Politico published an interesting story this morning regarding the use of Twitter by White House officials to take their message directly to the public and push back when they believe reporters are not fairly presenting their side of the story. According to the article:
The White House has started using a new weapon for correcting news reports, pushing back against a negative story, or shaping the press corps narrative of the day: Twitter.
On Monday, deputy press secretary Bill Burton told his more than four thousand followers — which includes much of the White House press corps — that a Washington Post report that morning was wrong. The Obamas, he noted, went to Chicago for Valentine’s Day in 2009, not this past Sunday, as was reported in the Post’s Style section.
The article touches on an interesting dynamic – White House officials believe they need a mechanism to take their message directly to the public without the filter of reporting by the press.
The same dynamic is at play in the Citizens United decision. The Court made clear that the American public – including voters – benefit from more speakers delivering their message directly to the public without filter. The First Amendment protects the associational and speech rights of individuals and organizations to pool their resources to discuss federal candidates and important issues of the day without fear that the federal government will impose civil or criminal penalties for engaging in political activities. If the federal government can ban political speech in the form of television or radio advertisements, political speech over the internet may be next. As the Court stated:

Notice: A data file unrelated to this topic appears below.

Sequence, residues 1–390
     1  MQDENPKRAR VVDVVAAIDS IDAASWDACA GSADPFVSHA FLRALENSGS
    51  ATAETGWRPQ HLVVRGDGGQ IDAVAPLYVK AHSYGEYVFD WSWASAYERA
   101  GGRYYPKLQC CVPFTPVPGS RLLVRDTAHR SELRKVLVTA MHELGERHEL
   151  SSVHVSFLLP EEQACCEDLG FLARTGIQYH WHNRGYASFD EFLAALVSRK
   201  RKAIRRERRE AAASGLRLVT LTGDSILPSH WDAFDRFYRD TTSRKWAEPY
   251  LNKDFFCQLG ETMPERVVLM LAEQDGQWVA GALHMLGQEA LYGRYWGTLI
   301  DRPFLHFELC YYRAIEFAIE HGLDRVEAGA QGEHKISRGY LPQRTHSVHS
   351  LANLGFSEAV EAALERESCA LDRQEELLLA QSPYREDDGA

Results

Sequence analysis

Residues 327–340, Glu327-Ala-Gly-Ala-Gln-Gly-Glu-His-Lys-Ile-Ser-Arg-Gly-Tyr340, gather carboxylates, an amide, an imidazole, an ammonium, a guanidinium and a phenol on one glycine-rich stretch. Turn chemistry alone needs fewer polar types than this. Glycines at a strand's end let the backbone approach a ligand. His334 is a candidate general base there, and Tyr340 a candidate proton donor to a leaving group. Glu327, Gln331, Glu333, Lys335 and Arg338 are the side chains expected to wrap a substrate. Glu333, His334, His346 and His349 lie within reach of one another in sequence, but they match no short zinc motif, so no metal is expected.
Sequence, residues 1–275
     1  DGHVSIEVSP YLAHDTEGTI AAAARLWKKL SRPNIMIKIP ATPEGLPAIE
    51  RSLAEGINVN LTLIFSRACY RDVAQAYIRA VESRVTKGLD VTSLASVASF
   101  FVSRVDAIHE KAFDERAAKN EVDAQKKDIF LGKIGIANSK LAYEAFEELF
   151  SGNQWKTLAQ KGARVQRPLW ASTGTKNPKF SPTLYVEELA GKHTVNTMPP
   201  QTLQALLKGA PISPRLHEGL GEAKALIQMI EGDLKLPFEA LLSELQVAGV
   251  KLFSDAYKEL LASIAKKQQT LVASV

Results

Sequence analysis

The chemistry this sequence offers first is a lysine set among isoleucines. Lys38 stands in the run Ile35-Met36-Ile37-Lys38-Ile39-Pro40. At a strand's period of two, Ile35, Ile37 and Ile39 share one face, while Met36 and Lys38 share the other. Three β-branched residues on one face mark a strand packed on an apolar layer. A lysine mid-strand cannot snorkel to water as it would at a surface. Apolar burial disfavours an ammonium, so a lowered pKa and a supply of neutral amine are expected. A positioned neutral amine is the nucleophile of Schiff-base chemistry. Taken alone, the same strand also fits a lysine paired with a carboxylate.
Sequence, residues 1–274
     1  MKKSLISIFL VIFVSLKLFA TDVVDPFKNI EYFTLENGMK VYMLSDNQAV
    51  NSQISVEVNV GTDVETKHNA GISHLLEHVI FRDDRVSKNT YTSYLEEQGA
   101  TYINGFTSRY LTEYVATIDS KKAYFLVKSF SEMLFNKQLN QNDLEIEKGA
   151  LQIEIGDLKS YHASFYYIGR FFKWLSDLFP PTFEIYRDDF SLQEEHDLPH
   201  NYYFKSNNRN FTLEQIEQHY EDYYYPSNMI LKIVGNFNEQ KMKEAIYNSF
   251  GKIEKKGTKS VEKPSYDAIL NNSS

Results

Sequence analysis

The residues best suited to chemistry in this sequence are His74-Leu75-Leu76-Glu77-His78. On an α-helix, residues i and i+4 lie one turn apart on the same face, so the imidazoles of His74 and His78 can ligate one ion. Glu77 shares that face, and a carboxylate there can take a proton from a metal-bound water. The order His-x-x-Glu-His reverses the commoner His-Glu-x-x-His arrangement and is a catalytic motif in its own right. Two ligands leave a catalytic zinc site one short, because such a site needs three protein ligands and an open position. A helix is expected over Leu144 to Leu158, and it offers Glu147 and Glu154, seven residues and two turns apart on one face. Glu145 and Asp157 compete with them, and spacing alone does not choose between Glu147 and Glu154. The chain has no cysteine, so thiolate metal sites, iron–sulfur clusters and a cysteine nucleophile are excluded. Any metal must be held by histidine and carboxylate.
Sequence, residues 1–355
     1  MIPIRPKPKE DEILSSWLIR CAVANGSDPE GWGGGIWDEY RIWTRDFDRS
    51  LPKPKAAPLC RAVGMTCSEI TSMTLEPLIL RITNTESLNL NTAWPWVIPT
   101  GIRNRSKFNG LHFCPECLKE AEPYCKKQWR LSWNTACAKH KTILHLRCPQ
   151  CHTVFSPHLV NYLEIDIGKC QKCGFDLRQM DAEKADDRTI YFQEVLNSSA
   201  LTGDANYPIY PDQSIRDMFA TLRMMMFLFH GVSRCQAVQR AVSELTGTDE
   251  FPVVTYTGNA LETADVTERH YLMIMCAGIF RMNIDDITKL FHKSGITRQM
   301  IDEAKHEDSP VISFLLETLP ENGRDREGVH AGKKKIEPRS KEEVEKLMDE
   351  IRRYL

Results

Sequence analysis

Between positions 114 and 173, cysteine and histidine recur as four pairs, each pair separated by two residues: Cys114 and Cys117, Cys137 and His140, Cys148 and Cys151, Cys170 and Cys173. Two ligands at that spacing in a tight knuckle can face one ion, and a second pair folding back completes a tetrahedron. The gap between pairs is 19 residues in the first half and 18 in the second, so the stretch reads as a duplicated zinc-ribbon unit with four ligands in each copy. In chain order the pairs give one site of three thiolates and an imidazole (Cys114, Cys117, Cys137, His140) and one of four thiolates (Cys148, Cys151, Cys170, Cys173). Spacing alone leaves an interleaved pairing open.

Rapid changes in technology – and the creative dynamic inherent in the concept of free expression – counsel against upholding a law that restricts speech in certain media by certain speakers. Today, 30-second television ads may be the most effective way to convey a political message. Soon, however, it may be that Internet sources, such as blogs and social networking sites, will provide citizens with significant information about political candidates and issues. Yet, [the ban on corporate expenditures] would seem to ban a blog post express advocating the election or defeat of a candidate if that blog were created with corporate funds. The First Amendment does not permit Congress to make these categorical distinctions based on the corporate identity of the speaker and the content of the political speech. Slip Opinion at 49 (citations omitted).
The clear import of the Court’s decision is that more speech is better than less speech. The American people are capable of making their own decisions about the speakers and political speech that will form the basis of their decision-making in the political market place.
White House officials believe they need to use the internet to deliver their political messages directly to the American people about important issues of the day. Congress should not enact legislation designed to silence the other side of the debate.